Saturday, August 18, 2012

This Protein Hype Ain't Right.

This has been sitting in my freezer for weeks.



Yes, that chicken's organic. Cage-free. I don't even feel too bad that they're carcasses of once-living, flourishing animals.

But I just can't do meat yet.

I went mostly meatless earlier this year, and besides for the occasional Port of Subs turkey sandwich (my bonafide addiction!!), remain true to the lifestyle. It's not so I can call myself vegetarian; it just feels less toxic to my body. I feel that when I ingest animal protein (even dairy nowadays) - and I'm sorry, this is going to sound completely hippie-wierdo - I am taking in that animal's energy. Its ailments. Its diet. Its mental state. And I feel like it leaves residue of all that in my intestines.

Did you know 70-80% (depending on the report) of your immune system is in your gut

So I like to keep my intestinal walls as animal-residue-free as possible. That, and I don't buy the whole Protein is King mentality we have going on in this country, which many reports attribute to successful lobbying of the meat, egg and dairy industries over the past century.

And as I do MORE research, it looks like too much protein can be harmfulT. Colin Campbell, a Professor of Nutritional Sciences at Cornell University and the senior science adviser to the American Institute for Cancer Research, says there is a “strong correlation between dietary protein intake and cancer of the breast, prostate, pancreas and colon.”

Even the Center for Disease Control admits we may be eating more protein than we need. Instead of this new idea, propagated in fitness magazine after fitness magazine, that we need one gram of protein per pound we weigh, each day...the CDC recommends 46 grams a day for women, and 56 grams for men.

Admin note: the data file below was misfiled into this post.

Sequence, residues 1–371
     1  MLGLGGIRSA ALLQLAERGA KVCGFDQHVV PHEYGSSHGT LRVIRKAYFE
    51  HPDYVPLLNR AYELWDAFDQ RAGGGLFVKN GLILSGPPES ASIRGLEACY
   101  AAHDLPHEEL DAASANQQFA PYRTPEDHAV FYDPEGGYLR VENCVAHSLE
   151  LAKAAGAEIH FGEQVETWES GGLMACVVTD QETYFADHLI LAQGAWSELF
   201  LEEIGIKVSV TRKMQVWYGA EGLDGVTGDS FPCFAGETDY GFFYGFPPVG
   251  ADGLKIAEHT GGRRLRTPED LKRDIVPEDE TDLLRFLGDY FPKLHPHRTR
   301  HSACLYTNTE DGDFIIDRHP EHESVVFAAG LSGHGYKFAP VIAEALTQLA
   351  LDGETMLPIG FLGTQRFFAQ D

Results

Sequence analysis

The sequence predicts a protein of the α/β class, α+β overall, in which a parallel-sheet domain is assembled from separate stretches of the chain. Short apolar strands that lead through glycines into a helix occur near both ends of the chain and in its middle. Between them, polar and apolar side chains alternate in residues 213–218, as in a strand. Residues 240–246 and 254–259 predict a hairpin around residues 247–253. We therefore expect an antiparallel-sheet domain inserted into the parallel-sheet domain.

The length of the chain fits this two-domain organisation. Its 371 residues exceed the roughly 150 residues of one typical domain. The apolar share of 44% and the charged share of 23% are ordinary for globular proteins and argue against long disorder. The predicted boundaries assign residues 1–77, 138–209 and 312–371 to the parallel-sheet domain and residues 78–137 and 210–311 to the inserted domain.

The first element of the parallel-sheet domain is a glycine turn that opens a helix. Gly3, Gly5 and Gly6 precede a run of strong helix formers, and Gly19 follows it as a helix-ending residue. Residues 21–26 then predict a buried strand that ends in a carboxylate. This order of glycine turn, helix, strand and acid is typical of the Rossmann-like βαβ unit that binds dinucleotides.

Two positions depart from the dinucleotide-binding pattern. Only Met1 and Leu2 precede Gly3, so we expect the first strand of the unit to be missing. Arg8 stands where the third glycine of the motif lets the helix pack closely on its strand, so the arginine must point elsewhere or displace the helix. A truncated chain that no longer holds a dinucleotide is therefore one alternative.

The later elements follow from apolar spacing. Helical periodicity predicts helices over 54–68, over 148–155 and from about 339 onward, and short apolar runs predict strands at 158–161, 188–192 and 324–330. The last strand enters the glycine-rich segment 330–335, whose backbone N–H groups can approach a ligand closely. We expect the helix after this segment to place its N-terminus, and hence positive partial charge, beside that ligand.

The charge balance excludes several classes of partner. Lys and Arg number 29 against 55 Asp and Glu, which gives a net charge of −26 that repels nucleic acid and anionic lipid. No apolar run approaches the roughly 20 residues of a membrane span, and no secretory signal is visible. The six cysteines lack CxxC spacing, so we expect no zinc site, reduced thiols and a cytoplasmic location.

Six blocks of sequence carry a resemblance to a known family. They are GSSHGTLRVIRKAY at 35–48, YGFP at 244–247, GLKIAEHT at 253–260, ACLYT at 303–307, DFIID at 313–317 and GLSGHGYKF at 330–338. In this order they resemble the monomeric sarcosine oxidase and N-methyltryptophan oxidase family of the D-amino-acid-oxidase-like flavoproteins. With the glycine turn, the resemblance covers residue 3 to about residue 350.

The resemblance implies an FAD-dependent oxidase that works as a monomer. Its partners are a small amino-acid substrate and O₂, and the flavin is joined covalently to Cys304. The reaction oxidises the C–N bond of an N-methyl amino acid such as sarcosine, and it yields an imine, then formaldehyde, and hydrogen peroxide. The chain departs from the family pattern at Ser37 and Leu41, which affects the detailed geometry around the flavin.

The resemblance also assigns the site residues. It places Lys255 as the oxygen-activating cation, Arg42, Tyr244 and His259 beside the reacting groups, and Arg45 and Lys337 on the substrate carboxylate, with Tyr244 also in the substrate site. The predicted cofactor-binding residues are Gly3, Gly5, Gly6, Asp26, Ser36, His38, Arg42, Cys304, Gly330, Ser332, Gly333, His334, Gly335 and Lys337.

But then there's my dilemma: Trying to build muscle. I really do believe my trainer when he tells me I need to get more protein in my diet in order to build up some solid, fat-burning muscle. (A report actually states that athletic humans need more protein because weight training breaks down muscle protein.) That said, here's a protein calculator that makes more sense to me (originally from this article):


1. Weight in pounds divided by 2.2 = weight in kg
2. Weight in kg x 0.8-1.8 gm/kg = protein gm.
Use a lower number if you are in good health and are sedentary (i.e., 0.8). Use a higher number (between 1 and 1.8) if you are under stress, are pregnant, are recovering from an illness, or if you are involved in consistent and intense weight or endurance training.


So, I did 147lbs divided by 1.8 = 81g of protein. Doable, but still a lot. So it's bring on the veggie protein! Luckily, I found a few GREAT ones that are super low-fat, high protein, and TASTE GOOD!
Tofu Shirataki Noodels, $3ish; Whole Foods
At 20 cals per big-ace serving, these high-protein noodles have the texture of their carb-y cousin but without the guilt. I add these to a veggie stir-fry with some low-sodium soy. The noodles are a bit wet to use in pastas (unless I'm doing it wrong), but this stir-fry is so yummy, you won't need to change up the recipe!

LightLife Smart Dogs, price varies; Most grocery stores.
At 45 calories per dog, you could even afford a whole-wheat bun. But I like to save up my calories, so try a Romaine lettuce bun with organic ketchup and horseradish mustard. SO GOOD!

I like that I can get my vitamins AND PROBIOTICS! from this low-cal, VEGGIE-SOURCED protein shake. And if I'm craving something sweet, the subtle chocolate taste helps out a ton! 

I have plenty more alt-protein ideas where these came from, so stick around for part deux of this topic! Share your own favorite products/recipes in the comments!

**DISCLAIMER: There is a ton of conflicting info out there about protein intake. I chose to stick with this perspective, but not saying it's the one right way!

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